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Clouds, Fire, and Ice in the Cascades
This page contains archived content and is no longer being updated. At the time of publication, it represented the best available science. However, more recent observations and studies may have rendered some content obsolete.
ASTER combines 14 spectral bands in infrared, red, and green wavelengths of light to make false-color images. In the top image, vegetated areas appear bright red; snow and ice looks white; and clouds are a wispy off-white. Exposed rock and barren land near the summits of the mountains are shades of brown. Smoke billowing from the fire appears gray.
A view of the same area created from ASTER’s thermal band (bottom) shows how temperature varies across the scene. Warmer temperatures are shown with brighter colors, and cooler temperatures are darker. Actively-burning hot spots from the Pole Creek fire are the hottest features in the image, while high-floating cirrus clouds near North Sister are the coldest.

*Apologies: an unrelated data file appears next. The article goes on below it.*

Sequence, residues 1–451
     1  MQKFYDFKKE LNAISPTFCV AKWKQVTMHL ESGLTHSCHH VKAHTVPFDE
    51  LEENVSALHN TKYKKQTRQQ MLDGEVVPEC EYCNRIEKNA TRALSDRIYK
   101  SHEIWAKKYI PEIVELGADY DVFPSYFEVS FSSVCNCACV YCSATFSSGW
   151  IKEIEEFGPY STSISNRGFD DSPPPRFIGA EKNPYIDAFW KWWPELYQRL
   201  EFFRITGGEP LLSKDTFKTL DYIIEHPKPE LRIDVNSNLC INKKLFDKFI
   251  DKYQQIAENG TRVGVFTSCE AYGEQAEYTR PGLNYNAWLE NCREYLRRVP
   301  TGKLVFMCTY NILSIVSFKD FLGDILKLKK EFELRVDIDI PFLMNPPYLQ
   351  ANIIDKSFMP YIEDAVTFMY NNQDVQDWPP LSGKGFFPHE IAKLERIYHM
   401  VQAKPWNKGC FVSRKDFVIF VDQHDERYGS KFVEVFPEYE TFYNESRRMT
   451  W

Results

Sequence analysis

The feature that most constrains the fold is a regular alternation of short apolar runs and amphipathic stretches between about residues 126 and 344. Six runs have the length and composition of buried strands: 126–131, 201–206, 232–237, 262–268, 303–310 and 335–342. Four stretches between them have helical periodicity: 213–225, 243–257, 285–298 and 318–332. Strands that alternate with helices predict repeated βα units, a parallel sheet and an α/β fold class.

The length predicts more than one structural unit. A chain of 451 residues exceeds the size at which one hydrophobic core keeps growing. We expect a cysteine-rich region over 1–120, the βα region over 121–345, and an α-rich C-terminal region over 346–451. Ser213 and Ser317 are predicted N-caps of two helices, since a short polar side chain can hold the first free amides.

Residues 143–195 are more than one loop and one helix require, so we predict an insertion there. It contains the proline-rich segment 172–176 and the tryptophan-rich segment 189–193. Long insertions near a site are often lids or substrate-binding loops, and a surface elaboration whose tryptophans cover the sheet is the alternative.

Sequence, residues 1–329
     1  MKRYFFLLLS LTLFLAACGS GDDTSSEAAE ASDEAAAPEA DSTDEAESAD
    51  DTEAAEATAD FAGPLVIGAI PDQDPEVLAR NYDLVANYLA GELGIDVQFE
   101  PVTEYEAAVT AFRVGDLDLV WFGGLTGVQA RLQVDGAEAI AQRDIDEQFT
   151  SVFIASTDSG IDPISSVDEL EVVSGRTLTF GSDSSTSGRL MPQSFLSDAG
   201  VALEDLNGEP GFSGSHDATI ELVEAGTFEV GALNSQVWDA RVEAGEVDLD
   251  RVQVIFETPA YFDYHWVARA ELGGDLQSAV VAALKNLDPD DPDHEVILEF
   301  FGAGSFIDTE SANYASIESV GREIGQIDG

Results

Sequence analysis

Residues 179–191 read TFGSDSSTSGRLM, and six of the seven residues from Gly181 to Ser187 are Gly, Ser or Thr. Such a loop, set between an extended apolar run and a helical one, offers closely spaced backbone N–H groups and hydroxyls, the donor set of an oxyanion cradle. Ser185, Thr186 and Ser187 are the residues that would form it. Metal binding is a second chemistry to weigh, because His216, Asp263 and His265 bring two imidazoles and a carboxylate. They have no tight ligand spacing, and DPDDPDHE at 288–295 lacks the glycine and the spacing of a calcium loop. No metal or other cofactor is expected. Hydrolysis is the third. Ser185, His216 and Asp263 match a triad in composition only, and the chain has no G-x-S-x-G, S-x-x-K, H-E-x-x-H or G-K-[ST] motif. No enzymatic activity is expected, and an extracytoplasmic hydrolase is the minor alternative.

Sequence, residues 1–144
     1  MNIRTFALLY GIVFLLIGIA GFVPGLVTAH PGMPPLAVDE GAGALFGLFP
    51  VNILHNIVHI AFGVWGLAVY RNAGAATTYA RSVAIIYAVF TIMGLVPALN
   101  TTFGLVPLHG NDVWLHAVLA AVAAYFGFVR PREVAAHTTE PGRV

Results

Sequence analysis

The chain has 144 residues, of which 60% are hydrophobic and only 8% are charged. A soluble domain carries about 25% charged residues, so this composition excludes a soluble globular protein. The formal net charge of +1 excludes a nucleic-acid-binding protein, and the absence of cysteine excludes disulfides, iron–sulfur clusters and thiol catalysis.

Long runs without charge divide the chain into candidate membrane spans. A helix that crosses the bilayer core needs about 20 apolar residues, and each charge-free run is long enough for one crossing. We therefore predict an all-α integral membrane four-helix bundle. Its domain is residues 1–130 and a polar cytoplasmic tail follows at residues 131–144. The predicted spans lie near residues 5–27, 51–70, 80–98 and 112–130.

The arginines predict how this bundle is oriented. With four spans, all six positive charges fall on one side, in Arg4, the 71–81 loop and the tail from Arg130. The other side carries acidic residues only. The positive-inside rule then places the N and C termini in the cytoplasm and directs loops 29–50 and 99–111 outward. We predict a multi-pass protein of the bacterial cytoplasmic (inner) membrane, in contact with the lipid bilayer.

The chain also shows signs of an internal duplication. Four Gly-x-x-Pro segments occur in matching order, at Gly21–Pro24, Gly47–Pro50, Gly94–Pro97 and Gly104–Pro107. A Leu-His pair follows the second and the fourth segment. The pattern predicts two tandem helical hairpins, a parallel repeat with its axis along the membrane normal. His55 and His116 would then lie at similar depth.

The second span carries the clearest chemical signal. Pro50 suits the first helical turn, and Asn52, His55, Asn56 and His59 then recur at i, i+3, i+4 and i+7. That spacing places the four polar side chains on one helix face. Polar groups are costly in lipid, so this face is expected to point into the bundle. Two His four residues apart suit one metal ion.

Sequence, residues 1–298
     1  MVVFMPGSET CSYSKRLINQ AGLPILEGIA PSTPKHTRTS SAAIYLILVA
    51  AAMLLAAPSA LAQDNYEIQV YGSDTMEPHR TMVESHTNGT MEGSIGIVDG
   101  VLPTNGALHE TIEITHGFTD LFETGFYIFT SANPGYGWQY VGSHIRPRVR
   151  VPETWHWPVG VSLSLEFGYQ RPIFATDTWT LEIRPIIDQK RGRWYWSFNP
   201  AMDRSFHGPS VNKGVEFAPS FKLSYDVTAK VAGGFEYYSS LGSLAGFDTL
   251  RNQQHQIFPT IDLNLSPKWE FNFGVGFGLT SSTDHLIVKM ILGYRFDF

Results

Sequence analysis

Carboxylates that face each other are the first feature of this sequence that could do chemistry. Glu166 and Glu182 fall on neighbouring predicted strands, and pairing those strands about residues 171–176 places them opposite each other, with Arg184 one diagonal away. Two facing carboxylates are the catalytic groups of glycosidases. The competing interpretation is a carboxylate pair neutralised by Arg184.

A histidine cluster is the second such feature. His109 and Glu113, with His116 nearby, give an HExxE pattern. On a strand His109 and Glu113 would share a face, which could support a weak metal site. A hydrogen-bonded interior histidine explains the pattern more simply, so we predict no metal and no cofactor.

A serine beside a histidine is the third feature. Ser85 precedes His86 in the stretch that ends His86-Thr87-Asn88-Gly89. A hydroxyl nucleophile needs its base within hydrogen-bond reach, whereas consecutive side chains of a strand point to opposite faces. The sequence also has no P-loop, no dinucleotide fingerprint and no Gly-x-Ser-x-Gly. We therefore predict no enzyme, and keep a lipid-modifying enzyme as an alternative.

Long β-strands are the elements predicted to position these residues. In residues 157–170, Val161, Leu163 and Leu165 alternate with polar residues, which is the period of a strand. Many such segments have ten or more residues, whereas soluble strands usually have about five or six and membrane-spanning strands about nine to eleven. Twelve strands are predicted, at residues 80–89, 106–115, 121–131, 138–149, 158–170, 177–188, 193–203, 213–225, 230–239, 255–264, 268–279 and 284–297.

The smoke is transparent to ASTER’s thermal band because smoke plumes consist of ash particles and other combustion products so fine that they are easily penetrated by the relatively long wavelengths of thermal infrared radiation. By contrast, ASTER cannot see through clouds because they tend to have larger particles that thermal infrared cannot easily pass through.
About 20,000 years ago, ice likely blanketed the mountains that make up the Oregon Cascades, forming a small ice cap. Most of that ice retreated long ago, but scattered glaciers still dot the upper reaches of Oregon’s tallest peaks.
Today there are more than 450 perennial snow and ice features in Oregon. About 60 of these are larger than a square kilometer, and 35 are named glaciers. About half of the named glaciers are situated near the Three Sisters and Broken Top volcanoes. All of the peaks top 9,100 feet (2,700 meters). South Sister, at 10,358 feet (3,157 meters), is the third tallest mountain in the state; North Sister, at 10,085 feet (3,074 meters), is the fourth tallest.